President Biden: COVID Relief Needs ‘Fastidious Oversight’

President Biden speaks about the COVID-19 relief package in the State Dining Room of the White House on March 15.

President Biden speaks about the COVID-19 relief package in the State Dining Room of the White House on March 15. Patrick Semansky/AP

The American Rescue Plan is the latest in the federal government’s historic pandemic spending. 

During an address on Monday, President Biden stressed the importance of oversight and accountability in spending the funds in the $1.9 trillion coronavirus relief package enacted last week. 

The “American Rescue Plan” is the latest in the federal government’s historic spending over the past year in response to the novel coronavirus pandemic. “It requires fastidious oversight to make sure the relief arrives quickly, equitability and efficiently with no waste or fraud,” Biden said. “We have to prove to the American people that their government can deliver for them and do it without waste or fraud.” This delivery will come in the form of vaccinating everyone, getting kids back to school, boosting the economy, helping businesses and sending relief payments. 

While not mentioning former President Trump or the Trump administration specifically, Biden said that after the $2.2 trillion CARES Act was enacted last March, “one of the first things the previous administration did was fire the head of the inspectors general committee.” He was referring to the Pandemic Response Accountability Committee, created under the CARES Act, and Glenn Fine, then performing the duties of the Pentagon inspector general.  

The Council of the Inspectors General on Integrity and Efficiency appointed Fine to lead the Pandemic Response Accountability Committee on March 30, 2020, but then on April 6, President Trump removed Fine from his acting IG position, thus stripping him of his ability to lead the committee. Fine went back to his previous position of principal deputy IG at the Pentagon and then announced on May 26 he was resigning. 

This came after Trump issued a signing statement for the CARES Act that objected to some of the oversight provisions.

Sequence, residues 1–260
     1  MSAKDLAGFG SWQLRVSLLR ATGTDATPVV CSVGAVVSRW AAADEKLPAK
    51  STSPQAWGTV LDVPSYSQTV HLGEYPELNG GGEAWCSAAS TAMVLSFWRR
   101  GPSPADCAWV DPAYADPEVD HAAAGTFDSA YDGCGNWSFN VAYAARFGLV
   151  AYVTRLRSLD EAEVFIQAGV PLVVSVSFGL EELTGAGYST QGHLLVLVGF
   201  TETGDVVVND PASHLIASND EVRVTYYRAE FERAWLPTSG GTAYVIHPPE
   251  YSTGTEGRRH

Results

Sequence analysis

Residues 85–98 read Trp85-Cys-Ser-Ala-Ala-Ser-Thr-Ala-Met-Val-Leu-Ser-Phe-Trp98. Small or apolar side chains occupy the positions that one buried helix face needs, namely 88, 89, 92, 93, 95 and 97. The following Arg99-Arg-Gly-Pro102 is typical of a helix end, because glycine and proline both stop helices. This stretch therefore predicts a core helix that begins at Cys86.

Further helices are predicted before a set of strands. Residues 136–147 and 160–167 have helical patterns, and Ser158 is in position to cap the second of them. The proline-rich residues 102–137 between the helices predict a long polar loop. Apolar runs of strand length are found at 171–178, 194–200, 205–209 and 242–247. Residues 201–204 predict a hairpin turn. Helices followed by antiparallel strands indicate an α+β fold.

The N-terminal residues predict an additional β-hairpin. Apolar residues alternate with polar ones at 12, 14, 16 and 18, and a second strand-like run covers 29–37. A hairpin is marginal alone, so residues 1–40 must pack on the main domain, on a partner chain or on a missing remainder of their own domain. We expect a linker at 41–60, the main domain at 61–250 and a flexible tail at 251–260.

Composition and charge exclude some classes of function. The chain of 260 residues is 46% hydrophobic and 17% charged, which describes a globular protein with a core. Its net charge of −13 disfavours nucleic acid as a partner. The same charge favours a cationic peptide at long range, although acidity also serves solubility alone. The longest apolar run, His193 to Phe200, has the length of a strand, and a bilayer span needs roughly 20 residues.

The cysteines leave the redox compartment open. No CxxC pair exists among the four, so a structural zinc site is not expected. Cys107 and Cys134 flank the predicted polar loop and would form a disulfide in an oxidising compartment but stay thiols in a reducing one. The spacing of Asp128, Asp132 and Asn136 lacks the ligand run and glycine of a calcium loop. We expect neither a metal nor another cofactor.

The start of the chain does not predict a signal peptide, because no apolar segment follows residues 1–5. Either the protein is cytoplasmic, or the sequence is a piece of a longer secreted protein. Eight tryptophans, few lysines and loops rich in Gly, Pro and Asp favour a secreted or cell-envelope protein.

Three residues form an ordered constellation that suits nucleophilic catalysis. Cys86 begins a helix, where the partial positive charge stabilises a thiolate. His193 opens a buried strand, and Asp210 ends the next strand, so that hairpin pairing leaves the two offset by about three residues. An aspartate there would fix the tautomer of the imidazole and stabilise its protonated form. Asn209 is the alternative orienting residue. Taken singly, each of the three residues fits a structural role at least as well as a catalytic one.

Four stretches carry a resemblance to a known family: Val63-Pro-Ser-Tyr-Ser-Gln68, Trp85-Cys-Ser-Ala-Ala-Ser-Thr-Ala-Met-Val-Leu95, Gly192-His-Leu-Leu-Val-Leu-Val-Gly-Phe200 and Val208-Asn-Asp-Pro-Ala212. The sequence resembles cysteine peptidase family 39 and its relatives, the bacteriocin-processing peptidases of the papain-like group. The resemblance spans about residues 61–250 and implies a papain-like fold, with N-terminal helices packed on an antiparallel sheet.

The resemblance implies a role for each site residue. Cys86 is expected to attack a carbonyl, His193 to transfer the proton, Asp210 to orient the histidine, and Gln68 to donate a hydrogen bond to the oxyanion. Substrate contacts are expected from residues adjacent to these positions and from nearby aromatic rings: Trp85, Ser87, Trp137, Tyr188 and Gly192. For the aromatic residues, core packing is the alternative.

Biden also said under the previous administration small business relief “became a free-for-all for well-connected companies.” There have also been various reports by the Small Business Administration IG and Government Accountability Office about the potential for fraud in the programs. 

However, under his administration with the newly appointed head of relief implementation––Gene Sperling, a former two-time head of the National Economic Council––“we’re going to make sure that the benefits of the American Rescue Plan go out quickly and directly to the American people where they belong,” Biden said.  

To stay on track with spending for the rest of 2021, the administration must spend $3.7 billion on average per day, which equals $43,000 every second, The Associated Press reported last week.

In the rescue package, the oversight committee received $40 million for its efforts, GAO received $77 million and many agency IG offices received funding allocations as well. 

Biden also reflected during his speech on his time overseeing the implementation of the 2009 “Recovery Act,” which included assembling an accountability board with IGs from different agencies. “They said we got it done with less than two-tenths of 1% waste or fraud,” he said. Since taking office he has stressed the importance of oversight for pandemic response efforts. 

Besides the Pandemic Response Accountability Committee, the CARES Act also created a special IG position and a congressional oversight commission, which are providing continuous updates and reports on their work. 

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